Rhinoptera javanicus, Himantura uarnak, and Dasyatis kuhlii Stingrays being handfed.

Rhinoptera javanicus, Himantura uarnak, and Dasyatis kuhlii Stingrays being handfed.

RM: Can you tell us what the reef tank will be like in the new aquarium? Did you have a hand in its design? 

MW: One of the iconic tanks of the new California Academy of Sciences will be the Phillippine Coral Reef Exhibit. It’s a 200,000 gallon tank with over 4,000 fish, and at 25 feet deep it will be the deepest living coral display in the world. There are over 120 one thousand watt metal halide lights over the tank so that we can punch light down to the deepest portions. It will be separated into biotopes, so you’ll be able to view a mangrove forest with juvenile coral reef fish, a lagoon with sting rays and soft corals, and a sloping fore reef with a mix of hard and soft corals, sea anemones, and lots of fish.

Tahl makes friends.

Tahl makes friends.

RM: Can you tell us about the sea turtle? 

MW: Absolutely! Our green sea turtle has been with us for 4 months now and is quite the favorite among the employees at the Academy, as well as with visitors.

RM: Where did the Aquarium get him?

MW: He was born and raised at Sea World in San Diego about 4 years ago.

RM: What’s his name?

MW: The biologists who transported him here decided that he should be named “Diego” in honor of his home city, and the name stuck.

RM: What’s his scientific name?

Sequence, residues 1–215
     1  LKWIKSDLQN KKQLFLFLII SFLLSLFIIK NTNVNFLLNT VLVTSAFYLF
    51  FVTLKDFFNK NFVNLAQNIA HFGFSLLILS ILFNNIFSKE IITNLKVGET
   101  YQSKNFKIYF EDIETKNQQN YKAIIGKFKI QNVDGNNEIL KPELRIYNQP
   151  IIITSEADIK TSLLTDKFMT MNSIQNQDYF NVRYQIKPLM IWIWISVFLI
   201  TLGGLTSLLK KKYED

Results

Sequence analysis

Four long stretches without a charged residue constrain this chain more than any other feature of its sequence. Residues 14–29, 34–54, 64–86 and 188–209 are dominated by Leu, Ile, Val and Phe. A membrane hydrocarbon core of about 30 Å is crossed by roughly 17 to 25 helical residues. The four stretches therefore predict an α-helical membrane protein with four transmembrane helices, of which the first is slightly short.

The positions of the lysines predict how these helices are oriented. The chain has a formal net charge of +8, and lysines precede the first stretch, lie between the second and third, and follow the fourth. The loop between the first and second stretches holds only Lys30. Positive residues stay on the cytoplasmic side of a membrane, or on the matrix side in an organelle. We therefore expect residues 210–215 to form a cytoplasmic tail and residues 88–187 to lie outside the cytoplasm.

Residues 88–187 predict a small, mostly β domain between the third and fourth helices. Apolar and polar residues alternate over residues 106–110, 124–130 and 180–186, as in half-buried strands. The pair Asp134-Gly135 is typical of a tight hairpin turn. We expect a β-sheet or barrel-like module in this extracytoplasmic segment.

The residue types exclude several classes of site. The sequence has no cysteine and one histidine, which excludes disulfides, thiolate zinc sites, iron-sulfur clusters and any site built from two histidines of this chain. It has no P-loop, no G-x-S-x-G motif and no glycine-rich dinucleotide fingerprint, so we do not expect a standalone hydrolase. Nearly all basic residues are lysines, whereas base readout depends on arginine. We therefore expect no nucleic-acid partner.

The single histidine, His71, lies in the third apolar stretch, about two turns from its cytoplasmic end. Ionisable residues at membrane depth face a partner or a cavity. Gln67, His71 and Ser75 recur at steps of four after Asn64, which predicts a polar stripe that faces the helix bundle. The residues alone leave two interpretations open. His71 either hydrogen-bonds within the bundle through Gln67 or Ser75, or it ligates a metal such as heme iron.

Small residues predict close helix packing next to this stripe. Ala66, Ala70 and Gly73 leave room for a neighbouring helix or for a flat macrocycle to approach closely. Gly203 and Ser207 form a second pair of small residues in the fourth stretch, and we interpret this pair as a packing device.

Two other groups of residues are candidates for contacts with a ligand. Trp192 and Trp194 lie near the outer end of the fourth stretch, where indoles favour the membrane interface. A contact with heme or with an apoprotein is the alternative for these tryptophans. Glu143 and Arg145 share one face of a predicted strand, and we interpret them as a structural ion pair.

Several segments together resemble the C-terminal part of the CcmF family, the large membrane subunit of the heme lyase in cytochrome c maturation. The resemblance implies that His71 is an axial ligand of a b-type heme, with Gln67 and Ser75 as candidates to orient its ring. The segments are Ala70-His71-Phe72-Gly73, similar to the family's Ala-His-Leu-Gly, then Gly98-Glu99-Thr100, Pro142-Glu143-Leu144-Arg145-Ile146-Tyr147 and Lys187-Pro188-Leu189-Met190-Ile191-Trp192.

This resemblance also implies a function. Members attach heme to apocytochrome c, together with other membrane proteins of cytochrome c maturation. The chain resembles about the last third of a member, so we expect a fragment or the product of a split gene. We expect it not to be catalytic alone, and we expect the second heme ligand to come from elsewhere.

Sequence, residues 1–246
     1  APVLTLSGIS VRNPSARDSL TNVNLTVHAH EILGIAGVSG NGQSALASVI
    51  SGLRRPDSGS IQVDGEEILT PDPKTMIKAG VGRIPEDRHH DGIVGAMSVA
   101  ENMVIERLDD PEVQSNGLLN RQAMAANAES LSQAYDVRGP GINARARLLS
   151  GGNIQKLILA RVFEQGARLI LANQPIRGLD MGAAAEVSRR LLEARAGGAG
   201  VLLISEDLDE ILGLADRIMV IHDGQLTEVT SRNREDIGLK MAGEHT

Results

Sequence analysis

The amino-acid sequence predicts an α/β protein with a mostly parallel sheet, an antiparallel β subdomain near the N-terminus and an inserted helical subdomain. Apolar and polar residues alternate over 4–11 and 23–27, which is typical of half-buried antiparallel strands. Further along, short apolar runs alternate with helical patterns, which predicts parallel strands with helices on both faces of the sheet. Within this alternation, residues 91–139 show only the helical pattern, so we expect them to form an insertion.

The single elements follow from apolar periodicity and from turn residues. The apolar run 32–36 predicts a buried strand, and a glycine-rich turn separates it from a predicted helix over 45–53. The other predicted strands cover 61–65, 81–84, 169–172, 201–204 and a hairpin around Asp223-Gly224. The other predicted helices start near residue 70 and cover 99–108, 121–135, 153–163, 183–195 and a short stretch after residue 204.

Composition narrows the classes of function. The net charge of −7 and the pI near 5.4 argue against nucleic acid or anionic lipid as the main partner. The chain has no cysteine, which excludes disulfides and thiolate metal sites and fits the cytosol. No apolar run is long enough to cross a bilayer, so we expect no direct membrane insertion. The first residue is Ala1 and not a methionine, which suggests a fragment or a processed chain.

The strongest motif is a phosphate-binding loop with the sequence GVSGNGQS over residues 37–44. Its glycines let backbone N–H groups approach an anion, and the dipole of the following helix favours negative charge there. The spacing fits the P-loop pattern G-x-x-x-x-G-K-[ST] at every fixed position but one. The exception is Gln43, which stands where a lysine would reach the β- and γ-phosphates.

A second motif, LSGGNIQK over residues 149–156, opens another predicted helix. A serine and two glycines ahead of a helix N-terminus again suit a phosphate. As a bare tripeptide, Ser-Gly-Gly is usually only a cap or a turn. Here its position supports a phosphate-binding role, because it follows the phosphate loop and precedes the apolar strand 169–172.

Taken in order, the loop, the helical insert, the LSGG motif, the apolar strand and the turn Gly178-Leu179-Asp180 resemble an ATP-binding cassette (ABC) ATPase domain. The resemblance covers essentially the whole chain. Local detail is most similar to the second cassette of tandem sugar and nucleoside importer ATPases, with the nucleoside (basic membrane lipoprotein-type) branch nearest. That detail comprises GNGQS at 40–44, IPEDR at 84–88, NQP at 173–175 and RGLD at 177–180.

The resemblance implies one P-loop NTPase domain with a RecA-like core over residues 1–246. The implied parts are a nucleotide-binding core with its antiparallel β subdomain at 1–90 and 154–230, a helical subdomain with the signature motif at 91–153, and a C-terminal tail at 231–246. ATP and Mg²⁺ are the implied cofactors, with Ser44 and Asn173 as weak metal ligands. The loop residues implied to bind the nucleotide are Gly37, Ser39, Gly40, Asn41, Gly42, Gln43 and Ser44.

MW: Diego is known as Chelonia mydas for those with a Latin persuasion.

RM: What do you feed him?

MW: Diego gets a mix of terrestrial vegetables, raw seafood, and a pellet diet formulated specifically for this species. Green sea turtles are largely herbivorous, so he only rarely gets a bit of squid or shrimp as a treat.

RM: Will it get it’s own display in the new aquarium?

MW: Diego will be a part of the reef lagoon section of the Phillippine Coral Reef Exhibit. He’ll be housed with several stingrays and small sharks.

Ribbon Eels awaiting display.

Ribbon Eels awaiting display.

RM: If you could interview any animal in the aquarium, which would it be and what would you ask it? 

MW: Hmm, I’d probably ask the stonefish how it passes the time just sitting there all day long. It might be useful info for long plane rides.

RM: It’s Christmas, and you’re here. How do you feel about spending a major holiday working?

MW: The animals never take a day off, so there’s someone here making sure everything is running smoothly 24 hours a day, 365 days a year. I celebrated Christmas with my family a few days early this year, which is a small price to pay for the unique and fortunate position I’m in.

One of the many reef tank inhabitants.

One of the many reef tank inhabitants.

RM: What’s the best non-fish related Christmas present you’ve ever received? 

MW: In 1985 I was given a green and orange Big Wheel with the streamers on the handlebars. I don’t know if any present can beat that.

RM: Thanks for the time and the tour.